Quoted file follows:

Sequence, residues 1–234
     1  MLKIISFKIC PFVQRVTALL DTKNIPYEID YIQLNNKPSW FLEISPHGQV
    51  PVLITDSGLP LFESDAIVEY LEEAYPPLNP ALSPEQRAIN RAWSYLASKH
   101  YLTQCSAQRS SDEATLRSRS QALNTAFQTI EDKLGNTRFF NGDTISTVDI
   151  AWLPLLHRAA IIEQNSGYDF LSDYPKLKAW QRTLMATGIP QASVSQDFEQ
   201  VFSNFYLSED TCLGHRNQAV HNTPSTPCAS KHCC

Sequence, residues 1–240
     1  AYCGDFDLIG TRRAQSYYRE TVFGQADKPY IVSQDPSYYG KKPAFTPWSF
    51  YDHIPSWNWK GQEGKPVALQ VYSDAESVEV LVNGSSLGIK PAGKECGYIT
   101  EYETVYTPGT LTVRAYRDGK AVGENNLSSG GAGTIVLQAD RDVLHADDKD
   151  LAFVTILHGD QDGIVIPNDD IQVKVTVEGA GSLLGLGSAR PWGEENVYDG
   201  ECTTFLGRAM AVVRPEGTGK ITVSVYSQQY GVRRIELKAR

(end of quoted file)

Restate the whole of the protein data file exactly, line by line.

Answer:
Sequence, residues 1–234
     1  MLKIISFKIC PFVQRVTALL DTKNIPYEID YIQLNNKPSW FLEISPHGQV
    51  PVLITDSGLP LFESDAIVEY LEEAYPPLNP ALSPEQRAIN RAWSYLASKH
   101  YLTQCSAQRS SDEATLRSRS QALNTAFQTI EDKLGNTRFF NGDTISTVDI
   151  AWLPLLHRAA IIEQNSGYDF LSDYPKLKAW QRTLMATGIP QASVSQDFEQ
   201  VFSNFYLSED TCLGHRNQAV HNTPSTPCAS KHCC

Sequence, residues 1–240
     1  AYCGDFDLIG TRRAQSYYRE TVFGQADKPY IVSQDPSYYG KKPAFTPWSF
    51  YDHIPSWNWK GQEGKPVALQ VYSDAESVEV LVNGSSLGIK PAGKECGYIT
   101  EYETVYTPGT LTVRAYRDGK AVGENNLSSG GAGTIVLQAD RDVLHADDKD
   151  LAFVTILHGD QDGIVIPNDD IQVKVTVEGA GSLLGLGSAR PWGEENVYDG
   201  ECTTFLGRAM AVVRPEGTGK ITVSVYSQQY GVRRIELKAR